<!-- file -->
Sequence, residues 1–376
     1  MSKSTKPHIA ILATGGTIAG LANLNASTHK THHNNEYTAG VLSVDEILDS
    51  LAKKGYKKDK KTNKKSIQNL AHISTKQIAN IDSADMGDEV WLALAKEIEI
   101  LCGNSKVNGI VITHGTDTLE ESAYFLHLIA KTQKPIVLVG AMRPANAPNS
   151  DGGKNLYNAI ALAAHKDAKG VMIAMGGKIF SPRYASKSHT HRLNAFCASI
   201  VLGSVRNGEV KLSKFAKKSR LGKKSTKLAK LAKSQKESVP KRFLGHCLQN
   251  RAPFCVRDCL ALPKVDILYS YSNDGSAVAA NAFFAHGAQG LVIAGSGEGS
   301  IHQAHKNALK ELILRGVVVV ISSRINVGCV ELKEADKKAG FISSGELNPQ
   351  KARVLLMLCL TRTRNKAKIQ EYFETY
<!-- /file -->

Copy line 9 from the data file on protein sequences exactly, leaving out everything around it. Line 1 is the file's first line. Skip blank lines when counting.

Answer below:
   351  KARVLLMLCL TRTRNKAKIQ EYFETY